By the early 1900s, design, manufacturing, and technology had improved greatly and a series of competitive organized races across the province rallied the communities and defined the uniquely deep connection that the rural population had formed with the Velopedistica.

Like many of his friends, a young Faliero Masi began racing in the youth ranks of the local Tuscan Championships during the early 1920s. Eventually moving on to race at a national level.

Racing bicycles wasn’t Masi’s only passion. While serving a mechanical apprenticeship at the workshop of Campostrini, he continued to compete professionally while setting his sights on designing and building a frame to his own specification.

Faliero’s impressive reputation within the emerging movement of young frame builders in Italy opened the door to new opportunities, ultimately culminating in the opening of a boutique style workshop underneath the Vigorelli Velodrome in Milan.


Vigorelli Velodrome, Milan, Italy

Masi’s quiet dedication aligned him with the fastest racers in the world. The Vigorelli workshop became a destination where racers from different countries, teams, and disciplines consulted with Masi to find a new formula and an advantage.


Fausto Coppi riding a Masi built frame for Team Tricofilina in 1959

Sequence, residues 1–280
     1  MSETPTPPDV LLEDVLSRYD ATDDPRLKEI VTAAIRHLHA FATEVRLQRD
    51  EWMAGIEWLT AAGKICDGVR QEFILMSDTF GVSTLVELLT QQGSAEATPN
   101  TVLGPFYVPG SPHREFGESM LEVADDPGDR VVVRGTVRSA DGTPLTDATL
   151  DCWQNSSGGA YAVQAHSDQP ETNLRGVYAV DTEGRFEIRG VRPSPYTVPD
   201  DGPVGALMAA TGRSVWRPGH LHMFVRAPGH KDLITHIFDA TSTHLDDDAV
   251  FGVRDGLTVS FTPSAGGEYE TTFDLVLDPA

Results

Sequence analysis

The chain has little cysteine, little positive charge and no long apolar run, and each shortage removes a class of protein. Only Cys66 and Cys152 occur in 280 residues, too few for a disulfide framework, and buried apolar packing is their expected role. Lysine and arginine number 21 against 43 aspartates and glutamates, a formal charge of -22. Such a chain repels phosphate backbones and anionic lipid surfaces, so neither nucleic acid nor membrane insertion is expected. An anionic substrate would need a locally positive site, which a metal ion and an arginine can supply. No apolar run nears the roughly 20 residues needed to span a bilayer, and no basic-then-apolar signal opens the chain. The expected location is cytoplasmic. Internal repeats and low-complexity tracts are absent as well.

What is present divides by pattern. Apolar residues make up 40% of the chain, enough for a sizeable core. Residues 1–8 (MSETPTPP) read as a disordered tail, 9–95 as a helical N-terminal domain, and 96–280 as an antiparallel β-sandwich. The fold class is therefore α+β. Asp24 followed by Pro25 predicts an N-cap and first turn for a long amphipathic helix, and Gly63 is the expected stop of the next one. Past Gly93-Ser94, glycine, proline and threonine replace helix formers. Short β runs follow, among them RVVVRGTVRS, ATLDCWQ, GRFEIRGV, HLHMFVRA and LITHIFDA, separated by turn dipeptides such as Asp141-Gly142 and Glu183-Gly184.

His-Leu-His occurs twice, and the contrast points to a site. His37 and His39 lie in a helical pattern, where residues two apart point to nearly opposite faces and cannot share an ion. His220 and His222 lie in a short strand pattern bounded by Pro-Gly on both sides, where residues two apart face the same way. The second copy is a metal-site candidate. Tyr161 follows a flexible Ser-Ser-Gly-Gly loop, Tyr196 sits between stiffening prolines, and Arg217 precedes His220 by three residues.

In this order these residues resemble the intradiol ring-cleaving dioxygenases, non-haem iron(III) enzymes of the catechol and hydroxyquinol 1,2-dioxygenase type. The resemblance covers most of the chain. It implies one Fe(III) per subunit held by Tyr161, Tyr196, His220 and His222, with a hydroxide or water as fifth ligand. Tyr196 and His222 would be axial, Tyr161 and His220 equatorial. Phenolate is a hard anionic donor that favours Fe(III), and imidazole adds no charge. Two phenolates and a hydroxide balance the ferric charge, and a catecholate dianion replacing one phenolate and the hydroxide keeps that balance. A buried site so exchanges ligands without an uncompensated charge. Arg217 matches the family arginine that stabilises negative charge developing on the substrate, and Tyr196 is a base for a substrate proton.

Faliero Masi was their ally, and in a small corner of Milan's famous Vigorelli stadium, the visionary young Tuscan quietly went about the business of forging vital partnerships with some of the greatest athletes in the history of the sport.

Names like
Maspes, Magni,
Coppi, Harris, Van Looy,
Bobet, Bahamontes,
Nencini,
Pambianco,
Simpson, Adorni,
and Merckx would all race on Masi
built frames.


Antonio Maspes at the Vigorelli in 1962

"Masi was the best frame builder and bike fitter of all time. Every rider he put on a bike was perfectly positioned. He had a gift and he taught many people how to build bicycles to these highest standards."

Irio Tommasini


Faliero (Right) and Italian Sprinter Aldo Bini

By the mid 1960s cycling in America begins to grow. A new generation of bike racers fuels a coming boom in cycling, and with it comes a demand for European brands across the globe.